Tag Archive | "global economy"

Inadequate Actions to Relieve Budget Deficits Could Undermine Global Recovery- World Finance Leaders

The United States was castigated by world finance leaders on Saturday because of its inadequate actions to lessen its large budget deficits. Finance leaders said monetary constraints in rich countries such as the United States can largely jeopardize global recovery.

On Saturday, finance ministries were in Washington for its semi-annual meeting. This time, they have discussed more about the $14 trillion debt accumulated by the United States.

Most of the emerging market economies, which took part in the meeting, criticized the actions of the United States. However, some advanced nations reinforced the talks as well.

According to Dutch finance minister Jan Kees de Jager, if advanced nations act too slowly to reduce massive financial deficits, this could further lead to more sustainability issues and weaken the outlook of global economy. He said debt dynamics in other advanced economies together with the United States are of major concern.

The International Monetary Fund said that the U.S. budget deficit was about to reach 10.8 percent of the nation’s economic output this year. The federal country ties with Ireland for the highest deficit-to-GDP ration among several other advanced economies.

The committee’s advisory panel on Saturday said that concerns for financial stability, as well as sovereign debt stability must be addressed. It said credible actions must be made to push progress.

The House of Representatives, led by the Republican party, approved a plan on Friday to cut spending by about $6 trillion over a decade and slash benefits for the poor and elderly.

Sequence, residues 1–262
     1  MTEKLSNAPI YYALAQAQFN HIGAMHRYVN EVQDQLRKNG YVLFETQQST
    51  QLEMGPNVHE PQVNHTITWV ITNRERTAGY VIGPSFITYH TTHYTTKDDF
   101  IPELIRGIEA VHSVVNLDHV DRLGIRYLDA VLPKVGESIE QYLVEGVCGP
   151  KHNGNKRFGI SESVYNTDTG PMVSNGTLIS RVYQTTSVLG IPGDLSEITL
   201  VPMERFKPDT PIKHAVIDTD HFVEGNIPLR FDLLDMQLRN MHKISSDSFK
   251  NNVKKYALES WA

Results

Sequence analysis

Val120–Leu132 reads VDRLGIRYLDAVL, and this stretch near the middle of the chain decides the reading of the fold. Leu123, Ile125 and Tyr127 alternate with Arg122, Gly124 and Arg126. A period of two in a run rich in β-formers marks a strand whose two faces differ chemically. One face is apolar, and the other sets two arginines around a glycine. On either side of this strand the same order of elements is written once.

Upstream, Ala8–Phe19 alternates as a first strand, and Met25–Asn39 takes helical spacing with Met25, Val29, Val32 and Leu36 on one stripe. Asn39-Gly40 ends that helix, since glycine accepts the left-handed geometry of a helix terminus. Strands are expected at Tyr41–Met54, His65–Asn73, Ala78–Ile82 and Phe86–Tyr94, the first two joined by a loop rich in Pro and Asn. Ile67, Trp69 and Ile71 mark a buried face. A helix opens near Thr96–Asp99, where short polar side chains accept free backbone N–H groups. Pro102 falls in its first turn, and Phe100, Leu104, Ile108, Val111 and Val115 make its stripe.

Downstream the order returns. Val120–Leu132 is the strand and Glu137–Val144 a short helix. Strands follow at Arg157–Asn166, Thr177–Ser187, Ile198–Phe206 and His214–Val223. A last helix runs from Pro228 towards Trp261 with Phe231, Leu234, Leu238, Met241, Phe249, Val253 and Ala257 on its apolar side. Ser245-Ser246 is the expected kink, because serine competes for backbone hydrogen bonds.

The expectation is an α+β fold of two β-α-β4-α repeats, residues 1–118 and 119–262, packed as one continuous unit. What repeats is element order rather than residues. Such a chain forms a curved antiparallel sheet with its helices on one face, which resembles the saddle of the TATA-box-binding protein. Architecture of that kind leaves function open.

President Barach Obama, who offered plans to reduce deficits by $4 trillion over 12 years, said on Thursday that the plan of the Republicans would just create a nation of potholes. The administration is worried about cutting budget spending sharply while economic recovery remains volatile.

Posted in FinanceComments (0)

International Bankers Warn Against Effect of Speeding Basel Timetable

International bankers warn that forcing several financial establishments to reach up with the new capital requirements too fast could

greatly hurt the economies around the world.

As a result of the Basel III agreement that 27 countries have settled last month, individual countries might push their banks to meet with the new capital and liquidity standards before the deadline on year 2019.

According to the chief executive of Deutsche Bank, Josef Ackerman, there really is a great concern when national governments accelerate the phasing in process on the finance industry.

Ackerman, the chairman of the Institute of International Finance, which is holding its yearly meeting in Washington this weekend, warns along with other bankers that global economy is still fragile. Forcing the capital standards too quickly could already throttle the economy even before it has recovered.

The Basal III agreement states that banks should get top-quality capital equivalent to a total of 7-percent of their risk-bearing assets. That is three times more than the current standards so they can better endure financial shocks and downturns on the economy.

They have until 2015 to meet the minimum core Tier capital requirement; that is, at least 4.5 percent of assets. By 2019, they should have additional 2.5 percent, which is called the capital conservation buffer.

Even the regulators who attended the event treated the idea that the timetable would be moved up as less important, thinking that the new requirements will not impact the economies around the world negatively.

Posted in FinanceComments (0)